November 27, 2011
Author and 350.org Co-founder Bill McKibben Kicked Off US Speaking Tour in Boulder on Sunday
Joined by Mayor Appelbaum and local experts to discuss Boulder’s energy future and the global climate crisis
BOULDER, CO — On the wave of the recent victory over the Keystone XL tar sands oil pipeline, activist Bill McKibben kicked off a US Speaking Tour in Boulder on Sunday. McKibben, who the Boston Globe calls “the nation’s leading environmentalist” was joined by Boulder Mayor Matt Appelbaum and local experts to discuss the recent win, plus next steps for Boulder since voters passed local clean energy Ballot Measures 2B and 2C. Topics included what a clean energy future in Boulder could look like, how it could be a national model, and other climate opportunities and challenges. The event, co-sponsored by 350.org and the City of Boulder, took place at Unity of Boulder at 7pm on Sunday.
It’s exciting to hear that Boulder is taking firm control of its own energy destiny,” said McKibben. “It’s something we’re going to have to do all over the country to have any hope of dealing with our carbon mess. Local food–and local electrons!” McKibben is a co-founder and president of the board of 350.org, an international grassroots climate campaign active in 180 countries and every US state.
McKibben is currently travelling around the country to speak about the recently won campaign to stop the Keystone XL pipeline and the growing grassroots climate movement. The campaign included 12,000 Americans forming a circle around the White House on November 6th and the arrests of 1,253 people during a White house sit-in in August. The campaign has escalated the profile of climate activists calling on all levels of government to address the climate crisis.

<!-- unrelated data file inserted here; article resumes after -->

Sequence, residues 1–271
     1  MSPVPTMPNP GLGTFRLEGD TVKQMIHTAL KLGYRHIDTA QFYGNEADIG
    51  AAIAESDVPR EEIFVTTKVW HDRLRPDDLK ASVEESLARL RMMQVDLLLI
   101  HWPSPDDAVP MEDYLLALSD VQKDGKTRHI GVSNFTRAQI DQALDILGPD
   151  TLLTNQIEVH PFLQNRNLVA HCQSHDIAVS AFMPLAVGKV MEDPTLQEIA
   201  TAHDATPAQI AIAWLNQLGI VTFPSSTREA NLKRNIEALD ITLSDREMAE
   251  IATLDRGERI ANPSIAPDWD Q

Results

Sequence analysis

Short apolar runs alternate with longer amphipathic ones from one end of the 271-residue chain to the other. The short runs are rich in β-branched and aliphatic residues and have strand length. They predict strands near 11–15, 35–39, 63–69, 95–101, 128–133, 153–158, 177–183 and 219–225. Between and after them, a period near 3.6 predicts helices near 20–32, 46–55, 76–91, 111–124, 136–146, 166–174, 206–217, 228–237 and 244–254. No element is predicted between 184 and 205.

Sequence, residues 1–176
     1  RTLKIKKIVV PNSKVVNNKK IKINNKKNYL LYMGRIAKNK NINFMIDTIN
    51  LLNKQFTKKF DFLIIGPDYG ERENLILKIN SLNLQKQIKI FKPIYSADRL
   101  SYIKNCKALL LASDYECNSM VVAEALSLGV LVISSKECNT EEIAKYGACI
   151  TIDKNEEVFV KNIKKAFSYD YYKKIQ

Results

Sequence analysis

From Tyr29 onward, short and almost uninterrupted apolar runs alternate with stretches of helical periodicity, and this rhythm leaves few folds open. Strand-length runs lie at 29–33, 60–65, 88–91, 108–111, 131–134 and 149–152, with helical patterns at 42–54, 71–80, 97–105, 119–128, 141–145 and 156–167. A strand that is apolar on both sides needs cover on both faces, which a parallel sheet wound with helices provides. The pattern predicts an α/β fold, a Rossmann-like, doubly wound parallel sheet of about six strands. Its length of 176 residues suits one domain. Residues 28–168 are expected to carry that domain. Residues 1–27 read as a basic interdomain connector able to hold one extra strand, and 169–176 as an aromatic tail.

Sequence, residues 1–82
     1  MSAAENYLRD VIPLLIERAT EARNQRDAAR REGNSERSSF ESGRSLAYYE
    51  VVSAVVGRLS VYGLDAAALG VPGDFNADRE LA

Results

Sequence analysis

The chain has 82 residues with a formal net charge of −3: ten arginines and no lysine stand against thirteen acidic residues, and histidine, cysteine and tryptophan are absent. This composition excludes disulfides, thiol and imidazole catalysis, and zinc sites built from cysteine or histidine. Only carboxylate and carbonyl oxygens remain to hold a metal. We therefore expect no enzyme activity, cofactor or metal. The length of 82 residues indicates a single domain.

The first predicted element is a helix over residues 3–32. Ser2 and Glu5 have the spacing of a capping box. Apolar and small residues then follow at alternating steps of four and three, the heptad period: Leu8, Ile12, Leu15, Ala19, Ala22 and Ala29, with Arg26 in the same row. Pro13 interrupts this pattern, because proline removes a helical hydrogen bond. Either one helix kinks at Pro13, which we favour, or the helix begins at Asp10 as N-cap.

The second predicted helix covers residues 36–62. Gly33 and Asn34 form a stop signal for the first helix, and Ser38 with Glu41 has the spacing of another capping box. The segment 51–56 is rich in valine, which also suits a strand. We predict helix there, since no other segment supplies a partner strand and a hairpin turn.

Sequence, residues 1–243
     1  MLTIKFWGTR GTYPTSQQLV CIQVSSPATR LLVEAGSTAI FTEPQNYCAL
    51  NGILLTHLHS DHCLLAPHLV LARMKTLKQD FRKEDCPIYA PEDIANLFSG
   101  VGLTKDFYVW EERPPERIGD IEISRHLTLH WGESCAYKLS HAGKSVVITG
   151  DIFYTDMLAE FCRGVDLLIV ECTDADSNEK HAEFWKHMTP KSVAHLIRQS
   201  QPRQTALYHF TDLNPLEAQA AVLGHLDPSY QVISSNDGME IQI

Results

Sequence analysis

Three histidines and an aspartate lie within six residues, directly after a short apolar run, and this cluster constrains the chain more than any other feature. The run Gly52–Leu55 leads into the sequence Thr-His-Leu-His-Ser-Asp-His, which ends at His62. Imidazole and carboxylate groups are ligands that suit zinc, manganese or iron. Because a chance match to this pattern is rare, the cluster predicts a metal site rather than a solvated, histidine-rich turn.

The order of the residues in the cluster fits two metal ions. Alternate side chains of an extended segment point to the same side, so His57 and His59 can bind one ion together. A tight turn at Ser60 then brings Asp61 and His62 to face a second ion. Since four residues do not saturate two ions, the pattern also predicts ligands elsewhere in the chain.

City of Boulder officials and staff – including Mayor Matt Appelbaum and Jonathan Koehn, Boulder Regional Sustainability Coordinator – described the importance of the recent vote passing Ballot Measures 2B and 2C in order for the City of Boulder to fully investigate the opportunities, costs and benefits of potentially running a municipally-owned utility and pursuing an energy portfolio with a higher percentage of renewable energy. Replacing carbon-intensive coal burning with renewable energy in order to meet the City’s carbon reduction goals was a primary driver for many city officials and community members who promoted local control of energy.
Sam Weaver, President of Cool Energy, presented energy modeling done by volunteer experts and analysts on behalf of Renewables Yes, a local group promoting the shift to a local electric utility. The group’s modeling has shown that Boulder could reduce its carbon emissions by 60% and increase the percentage of renewable energy by 40% in the matter of a few years, all while keeping rates at parity or lower than those charged by Xcel Energy.
“With recent passage of Ballot Measures 2B and 2C, Boulder now has the power to create a clean community-based energy future that can serve as a model to other cities around the nation of how to reduce carbon emissions and stimulate the local economy,” said 350.org Colorado Organizer Micah Parkin, who emceed the event. “It’s a model we at 350.org are excited to share with our volunteers nationwide!”
350.org is an international grassroots climate campaign organizing for science-based solutions to climate change. “350” is named for 350 parts per million, the safe upper limit of carbon in the atmosphere. We are
currently at 392ppm.